August 19, 2007

I had a busy week at work, but this is the first weekend I’ve had off in a month, so let’s see if I can’t get myself somewhat caught up with some of my backlog.

I promised the rest of the sci-fi Tezuka books, didn’t I? Dark Horse put these out a few years ago, and the series consists of Lost World, Metropolis, and Nextworld. Having read Lost World first, I thought they were all going to be really antiquated, boring, and have low production. Lost World is the oldest one, though (he mentions in an essay he wrote it in the late 30s and it was finally published in that form in the late 40s), and Nextworld and Metropolis are actually… quite good.

The worst thing I can say about Metropolis is probably that it has absolutely nothing to do with the movie of the same name. It’s got Duke Red, Kenichi, and Higeoyaji in it… but so does Astro Boy. The plot of the manga is vaguely similar… Duke Red pays Dr. Lawton to create an artificial being… but the artificial being is created with synthetic cells generated somehow by fake sunspots of Duke Red’s creation. Dr. Lawton escapes with the kid when it’s finished, Duke Red hunts Lawton down and kills him, the robot (Michi, neither male nor female) escapes and lives with Kenichi and Higeoyaji until it finds out that its a robot after mistaking Duke Red for its dad, then it goes on a little robot rampage. There’s an ocean liner involved, as well as an infestation of gigantic rats with Mickey Mouse’s face (called something like mickeymouse waltdisneyus). At one point, Higeoyaji hollows one of them out and makes his escape wearing its skin.

Anyway. It was a little manic story-wise, and it did feel like there was some stuff missing. Tezuka explains this in an essay in the back that said he had to edit the work way down. It’s very patchy as a result, and has a few main characters. It focuses separately on Kenichi-Michi, which then joins up with a separate subplot involving a flower girl named Emmy, then there’s Higeoyaji, who is investigating Duke Red and gets trapped in his lair. The story focuses largely on Dr. Lawton until he dies. There’s also Emmy’s sister, who runs with some gangsters that are separate from Duke Red’s stuff, and Duke Red just appears every place, including inside an investigation team run by Notarlin that was meant to capture him. I fell asleep a bunch of times reading it, so it’s also not terribly exciting and a little dated in addition to being a messy story… but it was still kind of cool.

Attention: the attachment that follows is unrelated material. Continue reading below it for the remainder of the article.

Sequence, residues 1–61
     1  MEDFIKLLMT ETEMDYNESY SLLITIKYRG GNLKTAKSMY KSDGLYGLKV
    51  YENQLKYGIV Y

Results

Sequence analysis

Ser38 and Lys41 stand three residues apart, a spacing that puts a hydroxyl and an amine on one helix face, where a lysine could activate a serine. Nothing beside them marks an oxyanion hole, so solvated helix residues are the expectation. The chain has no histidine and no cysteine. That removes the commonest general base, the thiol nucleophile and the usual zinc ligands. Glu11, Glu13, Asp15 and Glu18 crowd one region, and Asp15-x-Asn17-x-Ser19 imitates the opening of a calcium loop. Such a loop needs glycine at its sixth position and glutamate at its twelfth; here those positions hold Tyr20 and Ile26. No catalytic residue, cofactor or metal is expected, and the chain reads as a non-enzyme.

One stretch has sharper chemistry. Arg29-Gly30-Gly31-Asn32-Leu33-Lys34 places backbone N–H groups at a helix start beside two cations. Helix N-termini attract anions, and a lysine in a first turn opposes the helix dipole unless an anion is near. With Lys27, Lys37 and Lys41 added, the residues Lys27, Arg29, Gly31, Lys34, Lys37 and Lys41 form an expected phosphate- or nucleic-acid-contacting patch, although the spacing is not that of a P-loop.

There’s definitely a lot of great stuff art-wise in it. There are several two-page spreads in the beginning which consist of crowd scenes with a ton of people speaking at once and crowding each other. One notable scene features six panels which zoom in closer and closer on a scientist’s mouth as he runs in and announces the sun spots. At one point, Higeoyaji gets separated from his robot companion “Fifi” (which looks nothing like the Fifi from the movie) by a panel border. This is Duke Red’s first appearance, and he’s a little more hook-nosed and sinister than usual.

So where does that put this in the sci-fi series? It’s definitely better than Lost World, which was extremely dated, but very novel because of its age. Metropolis isn’t anything like the awesome movie that bears its name though, and the story here isn’t nearly as good as Nextworld, so it kind of gets ranked and lost in the middle. You could buy it if you were reading Lost World and Nextworld together… but really, Nextworld is the only one worth reading. Just skip to the review on those two volumes.

For my own reference, Lamp dies by being thrown into the ocean by robots while chained to Hamegg.